Giovanni Saglier A pair of still life oil paintings

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Giovanni Saglier (active Milan, late 17th century)
A pair of still life oil paintings: Roses, tulips, narcissi, carnations and other flowers in a gilt bronze urn;
Tulips, carnations, morning glory, roses and other flowers in a gilt bronze urn
Oil on canvas 
Each with canvas size: 28 ¼" x 22 ¼"; frame size: 32 ¾" x 27"

 Still lifes achieved the apex of their popularity at the end of the 17th century and early in the 18th, when they became the most favored decorations for the grand residences of Europe.  Giovanni Saglier adapted for Milanese tastes the exuberant bouquets and sculpted vases that were characteristic of Roman baroque flower pieces by Mario de’ Fiori.  Saglier’s favorite repertoire of flowers - deep red carnations, striped tulips and yellow jonquils - are triumphantly present in this important pair of canvases.  The scintillating brush work and rich pigments are unmistakably influenced as well by Giuseppe Vicenzino, who headed the Milanese school of still life painting.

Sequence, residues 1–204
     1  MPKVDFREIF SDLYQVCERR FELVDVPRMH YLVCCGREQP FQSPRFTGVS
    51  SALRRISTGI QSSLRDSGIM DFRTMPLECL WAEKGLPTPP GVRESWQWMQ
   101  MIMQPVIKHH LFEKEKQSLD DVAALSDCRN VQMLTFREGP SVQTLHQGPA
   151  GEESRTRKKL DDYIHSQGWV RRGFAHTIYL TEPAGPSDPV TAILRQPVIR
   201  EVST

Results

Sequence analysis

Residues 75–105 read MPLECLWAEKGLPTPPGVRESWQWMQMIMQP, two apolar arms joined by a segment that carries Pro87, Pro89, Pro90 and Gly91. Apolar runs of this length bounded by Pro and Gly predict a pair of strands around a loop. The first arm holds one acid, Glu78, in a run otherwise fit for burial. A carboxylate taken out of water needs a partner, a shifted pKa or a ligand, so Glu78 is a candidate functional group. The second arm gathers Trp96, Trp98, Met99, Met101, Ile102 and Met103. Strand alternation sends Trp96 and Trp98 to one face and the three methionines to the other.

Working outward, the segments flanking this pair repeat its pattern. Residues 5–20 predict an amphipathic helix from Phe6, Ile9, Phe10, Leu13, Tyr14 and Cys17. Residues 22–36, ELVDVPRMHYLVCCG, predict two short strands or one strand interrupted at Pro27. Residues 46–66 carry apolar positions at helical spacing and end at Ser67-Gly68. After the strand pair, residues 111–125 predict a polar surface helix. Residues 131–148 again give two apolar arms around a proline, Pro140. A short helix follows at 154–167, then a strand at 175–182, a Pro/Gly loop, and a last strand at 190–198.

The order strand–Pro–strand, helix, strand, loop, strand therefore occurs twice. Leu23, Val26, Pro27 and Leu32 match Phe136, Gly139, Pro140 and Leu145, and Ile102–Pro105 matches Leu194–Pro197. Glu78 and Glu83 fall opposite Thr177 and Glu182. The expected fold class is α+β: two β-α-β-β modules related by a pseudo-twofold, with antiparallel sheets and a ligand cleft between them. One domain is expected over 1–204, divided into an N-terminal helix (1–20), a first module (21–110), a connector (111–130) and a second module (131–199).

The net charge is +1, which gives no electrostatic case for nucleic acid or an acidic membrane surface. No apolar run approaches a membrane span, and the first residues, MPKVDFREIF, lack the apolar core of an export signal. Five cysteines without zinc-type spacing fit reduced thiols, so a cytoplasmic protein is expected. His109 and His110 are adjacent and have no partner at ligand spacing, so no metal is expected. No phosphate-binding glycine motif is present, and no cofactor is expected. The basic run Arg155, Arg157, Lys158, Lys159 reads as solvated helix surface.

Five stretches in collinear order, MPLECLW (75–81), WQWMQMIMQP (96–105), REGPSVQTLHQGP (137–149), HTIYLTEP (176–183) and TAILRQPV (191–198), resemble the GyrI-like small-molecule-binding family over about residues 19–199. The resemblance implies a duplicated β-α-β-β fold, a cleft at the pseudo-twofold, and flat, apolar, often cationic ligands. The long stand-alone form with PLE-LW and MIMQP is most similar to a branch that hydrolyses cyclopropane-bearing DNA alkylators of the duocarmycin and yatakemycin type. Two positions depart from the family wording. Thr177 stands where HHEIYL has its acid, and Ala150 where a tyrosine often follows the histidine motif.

Studies of the still life painter Giovanni Saglier only began in 1989 with an initial publication by Alessandro Morandotti.  Saglier seems to have passed nearly his entire career in the service of Vitaliano VI Borromeo, who employed him in numerous capacities in the decorations of his palace on the Isola Bella in Lake Como from 1660 to 1690.  Fifty still lifes of flowers and fruits by Saglier are listed in the inventory compiled after Borromeo’s death in 1690.  The floral decorations on the walls in the Throne Room and in the Sala della Regina were probably also painted by him.

Saglier’s authorship of these superbly preserved compositions was first recognized by Ulisse Bocchi (Naturaliter, nuovi contributi alla natura morta in Italia settentrionale e Toscana tra XVII e XVIII secolo, 1998) on the basis of comparison with the flower pieces still exhibited at Isola Bella.  "These two canvases can be placed at the pinnacle of his production, in which in addition to the joyous expression, they maintain the artist’s favorite motifs of the tulip’s bursting petals, the reclining rose, and the red carnations crowning the bouquet." 

For more information about this work, or others in the Arader Galleries collection, please contact Alison Petretti at 646.673.4505 or by email